• The Institute offered Bachelor's degrees in ten subject areas: applied chemistry, biology, dental science, pharmacological science, civil engineering, computer science, psychology, law, literature and accounting. Within these subject areas, which were administered by five "departments," the Institute was able to offer more than 200 distinct courses each term.
  • In the beginning, courses were based on correspondence lessons developed by Indiana University, which was one of the first institutions in the West to recognize the Bahá'í Institute for Higher Education. Later on, course offerings were developed internally.
  • Teaching was done principally via correspondence, or, for specialized scientific and technical courses and in other special cases, in small-group classes that were usually held in private homes. Over time, however, the Institute was able to establish a few laboratories, operated in privately owned commercial buildings in and around Teheran, for computer science, physics, dental science, pharmacology, applied chemistry and language study. The operations of these laboratories were kept prudently quiet, with students cautioned not to come and go in large groups that might give the authorities a reason to object.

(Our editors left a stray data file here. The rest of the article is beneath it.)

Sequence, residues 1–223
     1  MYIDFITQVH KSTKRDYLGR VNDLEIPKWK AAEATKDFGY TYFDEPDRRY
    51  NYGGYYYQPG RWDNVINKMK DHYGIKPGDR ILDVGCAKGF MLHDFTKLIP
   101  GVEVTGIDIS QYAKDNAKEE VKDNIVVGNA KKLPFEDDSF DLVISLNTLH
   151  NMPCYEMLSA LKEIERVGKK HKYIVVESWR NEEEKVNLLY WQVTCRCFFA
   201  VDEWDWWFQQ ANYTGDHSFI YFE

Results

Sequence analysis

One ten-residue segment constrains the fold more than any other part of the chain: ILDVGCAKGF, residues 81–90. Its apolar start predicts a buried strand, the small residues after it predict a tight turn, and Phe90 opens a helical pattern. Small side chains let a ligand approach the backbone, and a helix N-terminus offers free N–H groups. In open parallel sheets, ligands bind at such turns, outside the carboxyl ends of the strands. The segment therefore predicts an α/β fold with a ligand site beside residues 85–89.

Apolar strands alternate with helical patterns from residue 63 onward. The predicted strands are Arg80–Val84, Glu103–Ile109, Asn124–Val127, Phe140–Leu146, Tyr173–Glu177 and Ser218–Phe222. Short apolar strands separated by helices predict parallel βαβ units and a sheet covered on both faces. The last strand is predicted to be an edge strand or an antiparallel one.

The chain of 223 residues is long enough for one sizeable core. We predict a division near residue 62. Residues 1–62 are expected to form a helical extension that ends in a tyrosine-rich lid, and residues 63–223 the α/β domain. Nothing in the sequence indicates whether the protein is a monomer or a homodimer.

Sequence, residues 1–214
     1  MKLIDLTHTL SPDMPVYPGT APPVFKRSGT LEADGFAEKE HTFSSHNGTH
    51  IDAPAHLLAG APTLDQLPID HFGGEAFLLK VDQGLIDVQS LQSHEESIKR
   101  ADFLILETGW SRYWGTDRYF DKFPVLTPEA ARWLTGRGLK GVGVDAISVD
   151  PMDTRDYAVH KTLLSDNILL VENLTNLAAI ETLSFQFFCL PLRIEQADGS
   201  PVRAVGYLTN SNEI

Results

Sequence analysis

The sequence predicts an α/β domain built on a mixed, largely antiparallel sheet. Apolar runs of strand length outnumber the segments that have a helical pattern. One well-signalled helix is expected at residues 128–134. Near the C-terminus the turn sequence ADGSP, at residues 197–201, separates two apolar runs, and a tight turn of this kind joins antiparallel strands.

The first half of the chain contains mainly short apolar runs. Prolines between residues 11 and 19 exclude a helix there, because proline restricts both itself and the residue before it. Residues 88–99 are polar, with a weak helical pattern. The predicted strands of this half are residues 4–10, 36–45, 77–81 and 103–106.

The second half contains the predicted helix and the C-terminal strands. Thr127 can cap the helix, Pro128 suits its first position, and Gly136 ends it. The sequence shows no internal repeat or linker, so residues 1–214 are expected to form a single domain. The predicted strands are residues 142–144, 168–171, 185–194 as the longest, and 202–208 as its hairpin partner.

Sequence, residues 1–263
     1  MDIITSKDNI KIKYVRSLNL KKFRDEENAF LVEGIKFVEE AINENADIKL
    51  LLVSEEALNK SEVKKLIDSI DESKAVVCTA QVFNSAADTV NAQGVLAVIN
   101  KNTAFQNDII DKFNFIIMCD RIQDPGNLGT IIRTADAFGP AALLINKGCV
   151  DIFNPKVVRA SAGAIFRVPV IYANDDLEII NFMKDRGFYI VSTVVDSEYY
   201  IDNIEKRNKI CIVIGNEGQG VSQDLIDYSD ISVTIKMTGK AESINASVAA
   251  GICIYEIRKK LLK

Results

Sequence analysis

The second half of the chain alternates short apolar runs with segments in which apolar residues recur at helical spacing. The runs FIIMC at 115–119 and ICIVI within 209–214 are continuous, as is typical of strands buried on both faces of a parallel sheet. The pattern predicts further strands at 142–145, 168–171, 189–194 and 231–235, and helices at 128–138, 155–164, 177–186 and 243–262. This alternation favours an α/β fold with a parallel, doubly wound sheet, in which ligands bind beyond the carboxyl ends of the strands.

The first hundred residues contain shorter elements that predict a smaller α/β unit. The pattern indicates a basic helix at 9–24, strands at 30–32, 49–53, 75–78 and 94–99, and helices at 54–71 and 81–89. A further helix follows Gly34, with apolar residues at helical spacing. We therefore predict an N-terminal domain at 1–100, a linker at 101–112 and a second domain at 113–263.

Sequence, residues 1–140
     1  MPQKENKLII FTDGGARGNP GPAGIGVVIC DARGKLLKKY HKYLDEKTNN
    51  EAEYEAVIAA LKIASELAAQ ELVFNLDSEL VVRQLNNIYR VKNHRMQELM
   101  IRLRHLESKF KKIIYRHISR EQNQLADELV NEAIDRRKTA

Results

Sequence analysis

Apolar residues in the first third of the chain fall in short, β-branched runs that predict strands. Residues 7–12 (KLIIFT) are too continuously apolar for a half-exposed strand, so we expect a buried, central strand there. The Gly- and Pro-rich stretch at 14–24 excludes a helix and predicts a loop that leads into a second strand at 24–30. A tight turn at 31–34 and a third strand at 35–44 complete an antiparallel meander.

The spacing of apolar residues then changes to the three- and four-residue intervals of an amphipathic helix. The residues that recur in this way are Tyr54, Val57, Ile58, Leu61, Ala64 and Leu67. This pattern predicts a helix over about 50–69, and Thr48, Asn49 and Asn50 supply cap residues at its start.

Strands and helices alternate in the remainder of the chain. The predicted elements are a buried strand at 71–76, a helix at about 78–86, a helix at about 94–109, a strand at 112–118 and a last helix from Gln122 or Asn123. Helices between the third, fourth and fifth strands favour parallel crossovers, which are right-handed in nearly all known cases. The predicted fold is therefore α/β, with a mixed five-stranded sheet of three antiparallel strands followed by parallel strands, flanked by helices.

• Among other significant human rights conventions, Iran is a party to the International Covenant on Economic, Social and Cultural Rights, which was adopted by the United Nations General Assembly on 16 December 1966. Parties to this Covenant "recognize the right of everyone to education" and more specifically that "higher education shall be made equally accessible to all, on the basis of capacity, by every appropriate means." [“The New York Times” article dated 29 October, 1998, One Country Oct-Dec 1998 Vol 10 Issue 3]